Easy does it
The WD1200JB's professional, informative setup sheet and guide make installing the drive a breeze--if you're not scared of opening your machine and using a screwdriver. The retail package includes an 80-pin EIDE cable and mounting screws but no brackets for securing the 3.5-inch drive in a 5.25-inch bay. Western Digital's Data Lifeguard software makes it easy to copy data from your present hard drive to the WD1200JB and provides drivers to load on older computers that don't automatically support drives this large.
The WD1200JB finished in a virtual dead heat with IBM's Deskstar 120GXP in CNET Labs' performance tests. With such speedy sustained transfer rates, the Western Digital would be better for audio and video storage, where you need to maintain high throughput rates. However, in HD Tach 2.70 benchmarking, the WD1200JB was a tad slower than the IBM on two out of three tests, giving the IBM a slight advantage in everyday computing tasks such as opening and reading batches of smaller files. The WD1200JB's tested 13.4ms seek time in WinBench fell in the middle ground between the IBM 120GXP's 12.2ms and the Maxtor D540X's 14.5ms.
No shock here
The WD1200JB also promises to be reliable. The drive is shock-rated to a hefty 65G while operating and an average-to-low 200G while turned off. The drive spins quietly, living up to its rating of 35dB while spinning and 39dB when the read/write head is seeking. The WD1200JB ran a tad warmer than the IBM 120GXP, the other 7,200rpm drive in this review, but it also had a lower vibration level, so it won't rattle its cage or your computer case.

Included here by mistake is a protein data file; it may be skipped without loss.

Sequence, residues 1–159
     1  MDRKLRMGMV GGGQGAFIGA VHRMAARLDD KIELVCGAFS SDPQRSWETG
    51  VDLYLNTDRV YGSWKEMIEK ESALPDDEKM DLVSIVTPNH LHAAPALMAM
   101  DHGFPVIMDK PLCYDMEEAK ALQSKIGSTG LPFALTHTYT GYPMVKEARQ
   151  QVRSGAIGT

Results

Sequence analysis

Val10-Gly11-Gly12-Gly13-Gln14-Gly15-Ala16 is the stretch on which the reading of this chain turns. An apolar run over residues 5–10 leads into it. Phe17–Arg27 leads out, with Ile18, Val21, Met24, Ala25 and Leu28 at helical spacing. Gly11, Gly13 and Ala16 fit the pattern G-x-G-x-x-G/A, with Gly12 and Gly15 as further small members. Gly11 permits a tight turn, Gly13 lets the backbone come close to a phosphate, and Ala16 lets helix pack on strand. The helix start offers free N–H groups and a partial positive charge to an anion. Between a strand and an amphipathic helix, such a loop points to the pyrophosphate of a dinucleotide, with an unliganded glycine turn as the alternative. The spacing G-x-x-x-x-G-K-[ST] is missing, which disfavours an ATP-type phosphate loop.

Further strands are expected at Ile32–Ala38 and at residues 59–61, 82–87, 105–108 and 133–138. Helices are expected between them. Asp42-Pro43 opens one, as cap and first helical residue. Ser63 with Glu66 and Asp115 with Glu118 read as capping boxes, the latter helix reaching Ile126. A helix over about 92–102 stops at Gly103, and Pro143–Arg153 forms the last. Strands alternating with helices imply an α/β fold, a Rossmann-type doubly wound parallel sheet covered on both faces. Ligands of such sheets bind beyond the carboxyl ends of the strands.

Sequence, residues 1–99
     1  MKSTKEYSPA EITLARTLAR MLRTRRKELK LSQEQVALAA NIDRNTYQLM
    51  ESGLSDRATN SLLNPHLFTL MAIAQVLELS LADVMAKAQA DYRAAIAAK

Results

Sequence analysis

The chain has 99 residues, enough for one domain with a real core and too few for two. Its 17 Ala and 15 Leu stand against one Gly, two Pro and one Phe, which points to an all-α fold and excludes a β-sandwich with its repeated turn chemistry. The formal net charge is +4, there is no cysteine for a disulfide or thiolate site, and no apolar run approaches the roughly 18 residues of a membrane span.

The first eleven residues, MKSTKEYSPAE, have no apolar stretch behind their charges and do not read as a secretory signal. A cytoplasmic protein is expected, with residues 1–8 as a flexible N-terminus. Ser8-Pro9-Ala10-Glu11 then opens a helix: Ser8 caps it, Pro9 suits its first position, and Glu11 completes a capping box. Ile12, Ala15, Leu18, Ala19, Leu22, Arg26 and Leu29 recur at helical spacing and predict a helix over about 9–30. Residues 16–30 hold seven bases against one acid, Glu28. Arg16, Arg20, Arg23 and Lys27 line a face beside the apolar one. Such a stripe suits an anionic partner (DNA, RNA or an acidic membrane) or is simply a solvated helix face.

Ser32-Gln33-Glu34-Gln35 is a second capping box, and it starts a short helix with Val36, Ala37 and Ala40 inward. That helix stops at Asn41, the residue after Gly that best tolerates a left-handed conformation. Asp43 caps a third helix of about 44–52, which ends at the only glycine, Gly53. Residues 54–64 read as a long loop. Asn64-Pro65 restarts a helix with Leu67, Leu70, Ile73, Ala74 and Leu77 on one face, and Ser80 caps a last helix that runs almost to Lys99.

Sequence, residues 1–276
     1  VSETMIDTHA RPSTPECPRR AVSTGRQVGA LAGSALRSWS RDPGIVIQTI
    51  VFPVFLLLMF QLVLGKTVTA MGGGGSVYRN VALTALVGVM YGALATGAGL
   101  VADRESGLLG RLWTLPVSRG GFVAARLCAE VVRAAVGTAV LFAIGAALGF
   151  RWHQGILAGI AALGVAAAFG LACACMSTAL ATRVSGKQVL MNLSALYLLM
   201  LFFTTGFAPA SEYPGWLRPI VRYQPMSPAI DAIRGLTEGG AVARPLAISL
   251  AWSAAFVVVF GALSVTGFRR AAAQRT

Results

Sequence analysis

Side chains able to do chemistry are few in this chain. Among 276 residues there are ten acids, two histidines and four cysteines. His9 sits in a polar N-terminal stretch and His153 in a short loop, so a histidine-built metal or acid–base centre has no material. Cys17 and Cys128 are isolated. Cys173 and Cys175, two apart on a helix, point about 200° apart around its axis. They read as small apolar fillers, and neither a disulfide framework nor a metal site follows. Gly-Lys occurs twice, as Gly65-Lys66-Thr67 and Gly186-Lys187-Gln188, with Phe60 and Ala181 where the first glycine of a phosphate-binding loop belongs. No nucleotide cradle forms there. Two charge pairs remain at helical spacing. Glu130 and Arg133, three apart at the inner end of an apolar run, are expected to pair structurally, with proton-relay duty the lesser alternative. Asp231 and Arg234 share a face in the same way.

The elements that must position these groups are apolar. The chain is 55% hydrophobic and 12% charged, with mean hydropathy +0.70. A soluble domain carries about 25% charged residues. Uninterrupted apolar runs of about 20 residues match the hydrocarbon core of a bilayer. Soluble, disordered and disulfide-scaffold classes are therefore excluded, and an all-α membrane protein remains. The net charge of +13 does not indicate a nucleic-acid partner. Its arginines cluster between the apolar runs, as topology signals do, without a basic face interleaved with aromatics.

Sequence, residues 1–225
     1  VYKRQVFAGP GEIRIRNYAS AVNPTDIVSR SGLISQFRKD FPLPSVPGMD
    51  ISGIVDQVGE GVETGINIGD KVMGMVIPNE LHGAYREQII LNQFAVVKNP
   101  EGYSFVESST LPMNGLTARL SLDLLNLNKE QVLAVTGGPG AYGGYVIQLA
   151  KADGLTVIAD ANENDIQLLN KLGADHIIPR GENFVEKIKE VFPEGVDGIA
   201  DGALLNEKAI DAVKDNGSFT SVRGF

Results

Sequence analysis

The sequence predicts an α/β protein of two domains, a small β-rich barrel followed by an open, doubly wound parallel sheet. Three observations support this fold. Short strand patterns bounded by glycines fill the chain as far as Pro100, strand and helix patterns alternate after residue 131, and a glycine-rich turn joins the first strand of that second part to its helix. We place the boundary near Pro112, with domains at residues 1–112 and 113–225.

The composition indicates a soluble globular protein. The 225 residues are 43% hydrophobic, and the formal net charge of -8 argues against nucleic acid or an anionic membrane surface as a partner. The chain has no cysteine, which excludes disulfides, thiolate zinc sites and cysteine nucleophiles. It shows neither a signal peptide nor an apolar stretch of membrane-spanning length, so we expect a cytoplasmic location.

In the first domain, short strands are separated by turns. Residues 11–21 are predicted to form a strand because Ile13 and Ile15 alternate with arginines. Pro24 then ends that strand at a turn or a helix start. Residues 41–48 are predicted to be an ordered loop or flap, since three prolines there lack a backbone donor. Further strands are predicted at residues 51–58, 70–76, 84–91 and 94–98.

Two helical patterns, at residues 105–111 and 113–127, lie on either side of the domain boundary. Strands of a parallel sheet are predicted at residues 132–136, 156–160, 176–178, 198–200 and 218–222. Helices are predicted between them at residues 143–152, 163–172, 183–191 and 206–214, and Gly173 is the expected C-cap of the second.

A comforting three-year warranty covers the WD1200JB, and Western Digital offers phone support six days a week via a toll-free line. Phone lines are open Monday through Thursday, 9 a.m. to 7 p.m., Fridays from 9 a.m. to 5 p.m., and Saturdays 8 a.m. to 11:45 a.m. and 1 p.m. to 5 p.m. CT. Online support is excellent and includes jumper diagrams, a knowledge base, operating-system limits, manuals, and software downloads.
Vie to tie
The WD1200JB offers the fastest sustained throughput of any 120GB drive we've tested, but its seek time is a little slower than that of the IBM 120GXP. Go with the WD1200JB for audio and video and the IBM 120GXP for everyday use--or get whichever one is on sale.
Editor's note: This page has changed from our original version. Please see the corrections page.
| eTesting Labs' WinBench 99 2.0 test |
Measured in kilobytes per second; longer bars indicate better performance
| HD Tach 2.70 tests |
Measured in megabytes per second; longer bars indicate better performance
| CNET Labs' tests evaluate the range of performance you may expect from a hard drive. The eTesting Labs' transfer rates are measured at the beginning of the disk (or its outside, where data moves past the read head at a higher rate) and at the end of the disk (or its inside, where data moves past the read head at a slower rate). HD Tach performs similar tests, returning a drive's maximum sustained write and read speeds. In addition, it measures read-burst speed, which
evaluates the performace of the drive's read-ahead memory and the drive controller.
The Western Digital kept well ahead of the Maxtor on most tests. And though the WD1200JB looks slightly faster than the IBM on WinBench tests, the two are evenly matched. It's too close to call a clear winner.